It’s been another quick start for Sacramento State, but even a bit quicker than usual. Following Saturday’s 49-21 win at Cal Poly in the opening Big Sky Conference game for both teams, Sac State is 4-0 for the first since 1982.
And while that is a long time since 4-0 starts, the Hornets are continuing a pattern of winning that has occurred ever since the arrival of coach Troy Taylor, who was hired in December of 2018 after the Hornets went 2-8 with a 0-7 Big Sky record that year.
This year’s record includes a win over FBS Colorado State, and even though the Rams are 0-4, Sacramento State still scored a convincing 41-10 win in Fort Collins.
Under Taylor, who also serves as offensive coordinator, the Hornets are 22-7 and have won consecutive fall Big Sky Conference titles. He has twice been named Big Sky Coach of the Year. Not bad for his first college head coaching job. Before his arrival at Sac State, Taylor was the offensive coordinator/quarterbacks coach at Utah in 2017-2018.
At Sacramento State, he has lived up to his reputation as an offensive guru.
Last year, the Hornets averaged 30.3 points per game. That is kid’s stuff compared to this year, where the Hornets are fourth among FCS teams in scoring offense, averaging 45.8 points per game.
The defense is allowing less than half that total, 21.25, but it is the offense that has gained most of the headlines.
There is an old saying that if you have two quarterbacks, you really have none, but Sacramento State really has two. And both can play.
Seniors Jake Dunniway (6-1, 211) and Asher O’Hara (6-0, 196) have both seen plenty of action. Dunniway has been more of the passer, although O’Hara hasn’t been afraid to sling it or to connect with receivers.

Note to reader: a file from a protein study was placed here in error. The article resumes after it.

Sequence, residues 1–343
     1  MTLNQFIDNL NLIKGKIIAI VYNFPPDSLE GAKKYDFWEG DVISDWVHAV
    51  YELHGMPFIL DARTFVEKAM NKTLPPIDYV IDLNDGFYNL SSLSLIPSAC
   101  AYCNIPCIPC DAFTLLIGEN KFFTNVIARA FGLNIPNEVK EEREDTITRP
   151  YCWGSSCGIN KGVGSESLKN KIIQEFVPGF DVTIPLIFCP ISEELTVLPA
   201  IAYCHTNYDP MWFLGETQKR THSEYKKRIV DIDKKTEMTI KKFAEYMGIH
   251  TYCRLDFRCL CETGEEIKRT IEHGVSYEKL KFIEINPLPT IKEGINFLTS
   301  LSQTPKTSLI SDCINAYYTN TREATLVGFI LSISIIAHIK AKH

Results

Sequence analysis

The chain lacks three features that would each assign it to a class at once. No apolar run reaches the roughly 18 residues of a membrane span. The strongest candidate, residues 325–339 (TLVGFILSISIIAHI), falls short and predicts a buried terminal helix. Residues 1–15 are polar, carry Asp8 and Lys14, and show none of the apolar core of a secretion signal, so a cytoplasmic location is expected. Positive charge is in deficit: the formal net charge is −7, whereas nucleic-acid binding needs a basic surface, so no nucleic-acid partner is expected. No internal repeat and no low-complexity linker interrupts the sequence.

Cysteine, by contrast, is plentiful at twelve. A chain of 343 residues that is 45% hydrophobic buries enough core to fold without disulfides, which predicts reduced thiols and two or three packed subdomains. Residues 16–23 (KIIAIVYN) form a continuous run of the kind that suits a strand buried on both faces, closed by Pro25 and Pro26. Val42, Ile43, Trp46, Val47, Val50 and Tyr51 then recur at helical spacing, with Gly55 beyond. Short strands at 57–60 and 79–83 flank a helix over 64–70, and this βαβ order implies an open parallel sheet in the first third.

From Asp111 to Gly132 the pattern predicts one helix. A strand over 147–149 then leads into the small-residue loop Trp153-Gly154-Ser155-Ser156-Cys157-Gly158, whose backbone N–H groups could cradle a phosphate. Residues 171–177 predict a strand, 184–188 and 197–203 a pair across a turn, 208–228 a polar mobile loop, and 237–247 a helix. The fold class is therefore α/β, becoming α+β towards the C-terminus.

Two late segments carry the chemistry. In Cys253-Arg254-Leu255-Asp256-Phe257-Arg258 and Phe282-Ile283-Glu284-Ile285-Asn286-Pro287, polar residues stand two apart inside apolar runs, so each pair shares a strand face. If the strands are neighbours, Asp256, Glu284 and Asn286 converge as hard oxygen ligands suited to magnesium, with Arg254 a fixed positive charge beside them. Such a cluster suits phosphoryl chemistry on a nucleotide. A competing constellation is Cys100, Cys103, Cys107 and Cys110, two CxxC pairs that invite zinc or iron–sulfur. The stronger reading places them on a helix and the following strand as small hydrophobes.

This season, Dunniway has completed 65 of 103 passes (63.1%) for 750 yards, six touchdowns, and two interceptions. In a shorter sample size, O’Hara has been stunningly accurate, completing 29 of 36 (80.5%) for 273 yards, four touchdowns, and zero interceptions. O’Hara has also excelled running the ball, with 273 yards (5.1 avg.) and a team-high seven touchdowns.
Whoever is throwing the ball spreads it out pretty well. Four players have two or more touchdown receptions, led by junior tight end Marshel Martin (6-2, 210), who has 19 receptions for 239 yards and three touchdowns to lead the team in all three categories.
The leading ball carrier is sophomore Cameron Skattebo (5-10, 212) who has rushed for 415 yards (8.5 avg.) and four touchdowns. He has not been thrown for a loss in 49 carries. Skattebo also has 11 receptions for 146 yards and two touchdowns.
Whether running or receiving, Skattebo is pretty elusive and physical, as you can see here.
Despite the quick start, winning a third straight Big Sky Conference title won’t be easy. In the latest ballot for the Stats Perform FCS Top 25, HERO Sports analyst Sam Herder has four Big Sky teams ranked among his top seven. Montana is third, Montana State No. 4, Sacramento State No. 5, and Weber State No. 7.
Sacramento State will play Montana and Weber State, but won’t face Montana State.
Still, the regular season competition will be fierce, and that brings us to the one part of the Taylor regime that the Hornets are looking for an improvement – the postseason.
Last year, the Hornets were the No. 4 seed in the FCS playoffs. After a first-round bye, Sac State suffered a 24-19 second-round loss to South Dakota State, finishing 9-3 overall and 8-0 in the Big Sky.
Sac State did not participate in the 2021 spring season, which was pushed back from the fall due to the pandemic.
In 2019, the Hornets won a share of the Big Sky Conference, their first since joining the conference in 1996. Sac State also lost its lone playoff game in 2019 as the No. 4 seed, falling 42-28 to Austin Peay. That year the Hornets finished 9-4 overall and 7-1 in conference play.
There will be plenty of time to think about a third straight FCS playoff berth later. For now, the Hornets are looking to defend their Big Sky title, while dazzling onlookers along the way.